At CEC’s “The Earth on Your Plate” program on February 23, Mohan Gurunathan offered dozens of reasons why people should transition from meat to a plant-based diet. His approach is not to confront people but, rather, to provide them information and lead by example.

Mohan, who is an engineer, entrepreneur, and food systems expert, said, “Reducing your consumption of animal products is the single biggest way you can protect the Earth.” If all humans ate a plant-based diet, he pointed out, “We could reduce agricultural land use by nearly 70 percent, along with huge reductions in water usage, fertilizer usage and manure pollution. We would also be able to feed up to 12 billion people.”

He added, “Farm animals produce around 130 times as much feces and urine as humans, and we have almost no laws to regulate how this waste is disposed.” Mohan also noted that  farmers spread vast amounts of untreated animal manure on farmland. “The manure runoff from farms causes a multitude of issues, including groundwater contamination, pollution of rivers and streams, algal blooms, massive fish die-offs and dead zones in the ocean,” he said.

A graph he displayed showed that cows typically consume around 25 units of plant-based protein to produce one unit of protein for humans. In comparison, pigs require around 10 units, and chickens need around 4.5 units to produce one unit of human-edible protein. “The resources that go into one burger could feed people 25 vegetarian meals,” Mohan said, adding that it takes around 660 gallons of water to produce that burger – enough water for a month’s worth of showers.

Mohan showed a Google Earth video which displayed an endless patchwork of farms across the Midwestern U.S. and the Central Valley in California. “By far the biggest use of land, 41 percent of land in the continental US, is used for feeding livestock,” he declared. Worldwide, 27 percent of all global land is used to grow food for livestock. In comparison, only 26 percent of all land on Earth is covered by forests, which are essential for taking carbon out of the atmosphere.  If all the land used to grow livestock feed was restored to wild lands, it could make a significant dent in stopping climate change.

Among his other points were:

  • Worldwide, 800 million people do not have enough to eat, yet each year we grow enough food to fatten 70 billion farm animals.
  • In the U.S., animal agriculture is responsible for between 16.5 to 28 percent of all greenhouse gas emissions. This is more than the emissions generated by all our transportation systems.
  • Ninety percent of ocean fish stocks are either depleted or overfished.   Almost 40 percent of the 1 trillion fish caught each year is bycatch (unwanted fish) that is simply discarded.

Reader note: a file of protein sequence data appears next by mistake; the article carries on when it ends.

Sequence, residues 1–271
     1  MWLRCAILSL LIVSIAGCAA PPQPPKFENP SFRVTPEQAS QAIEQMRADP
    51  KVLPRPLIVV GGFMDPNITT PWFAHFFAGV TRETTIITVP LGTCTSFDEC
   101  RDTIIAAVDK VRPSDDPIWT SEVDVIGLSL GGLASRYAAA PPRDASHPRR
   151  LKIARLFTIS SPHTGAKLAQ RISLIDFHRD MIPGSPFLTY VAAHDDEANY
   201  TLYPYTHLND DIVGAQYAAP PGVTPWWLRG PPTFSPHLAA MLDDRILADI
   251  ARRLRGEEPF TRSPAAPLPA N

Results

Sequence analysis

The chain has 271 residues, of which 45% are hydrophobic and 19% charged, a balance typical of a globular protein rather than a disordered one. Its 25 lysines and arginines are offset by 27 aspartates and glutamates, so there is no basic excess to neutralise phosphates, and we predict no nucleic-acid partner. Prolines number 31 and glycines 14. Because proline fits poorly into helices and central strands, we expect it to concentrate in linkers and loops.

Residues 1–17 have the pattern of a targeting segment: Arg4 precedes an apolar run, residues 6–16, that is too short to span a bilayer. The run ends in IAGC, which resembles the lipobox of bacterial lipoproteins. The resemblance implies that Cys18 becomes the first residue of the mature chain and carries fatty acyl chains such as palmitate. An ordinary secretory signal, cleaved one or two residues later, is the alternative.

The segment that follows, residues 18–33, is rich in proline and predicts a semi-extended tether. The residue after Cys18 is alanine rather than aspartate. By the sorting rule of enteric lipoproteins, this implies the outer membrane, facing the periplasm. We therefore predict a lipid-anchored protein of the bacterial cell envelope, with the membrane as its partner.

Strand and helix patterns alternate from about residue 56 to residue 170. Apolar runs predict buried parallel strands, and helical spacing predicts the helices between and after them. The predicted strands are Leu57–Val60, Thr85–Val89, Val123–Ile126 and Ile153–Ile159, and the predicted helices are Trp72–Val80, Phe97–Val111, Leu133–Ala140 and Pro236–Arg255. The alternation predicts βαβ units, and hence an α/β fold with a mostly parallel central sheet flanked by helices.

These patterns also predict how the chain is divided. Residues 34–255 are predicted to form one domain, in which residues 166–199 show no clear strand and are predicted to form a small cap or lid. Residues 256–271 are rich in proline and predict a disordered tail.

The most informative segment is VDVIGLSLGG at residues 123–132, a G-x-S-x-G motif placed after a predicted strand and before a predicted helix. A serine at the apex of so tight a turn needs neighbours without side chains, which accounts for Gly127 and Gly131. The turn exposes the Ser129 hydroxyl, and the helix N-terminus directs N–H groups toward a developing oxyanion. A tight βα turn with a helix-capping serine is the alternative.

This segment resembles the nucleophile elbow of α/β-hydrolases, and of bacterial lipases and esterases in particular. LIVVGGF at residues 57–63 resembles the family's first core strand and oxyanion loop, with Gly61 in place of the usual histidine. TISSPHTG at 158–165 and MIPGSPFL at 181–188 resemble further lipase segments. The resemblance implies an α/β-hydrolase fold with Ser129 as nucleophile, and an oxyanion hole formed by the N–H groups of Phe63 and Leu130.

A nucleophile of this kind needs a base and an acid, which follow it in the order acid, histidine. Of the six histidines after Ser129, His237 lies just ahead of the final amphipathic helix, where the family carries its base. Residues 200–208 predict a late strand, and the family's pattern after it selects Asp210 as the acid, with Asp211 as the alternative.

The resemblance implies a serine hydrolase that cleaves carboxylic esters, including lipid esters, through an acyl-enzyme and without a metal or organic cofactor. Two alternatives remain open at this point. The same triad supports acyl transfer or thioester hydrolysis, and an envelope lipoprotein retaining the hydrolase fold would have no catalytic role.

• Today, 60 percent of all land mammals on Earth are livestock, and just 4 percent are wild animals.
  • In the U.S., 80 percent of antibiotics sold are given to livestock. Many animals are kept on a continuous low-level dose of antibiotics, leading to the development of antibiotic-resistant superbugs. “Crowded factory farms are incubators for disease. In the history of human disease, approximately three out of every four pandemics originated in animals before jumping to humans,” he said.
  • The meat and dairy industries use one-third of the world’s freshwater.
  • The U.S. Department of Agriculture heavily promotes and subsidizes meat and dairy production and consumption. More than 99.9% of government food subsidies go to those industries.
  • Plant-based diets can significantly reduce the risk for heart disease, cancer, obesity and diabetes, which are among the leading causes of illness and death in the U.S.

Mohan left out the section of the talk which examines how farm animals are treated in factory farms and slaughterhouses, due to the time limit and audience preference.  He suggested that this is an important moral and ethical dimension that everyone should consider when choosing what we eat.

  • What can people do? Mohan recommends:
  • Ask your U.S. senators and representatives to support the Farm System Reform Act, introduced by Senator Cory Booker of New Jersey, which will place a moratorium on new factory farms.
  • Gradually add meatless days to your diet.
  • Try some of the many great substitutes for meat and dairy foods.
  • Switch from cow’s milk to a plant-based milk.
  • Ask restaurants to serve meatless dishes.
  • Search the Internet for vegan versions of your favorite recipes.
  • Teach your friends and family about these important issues.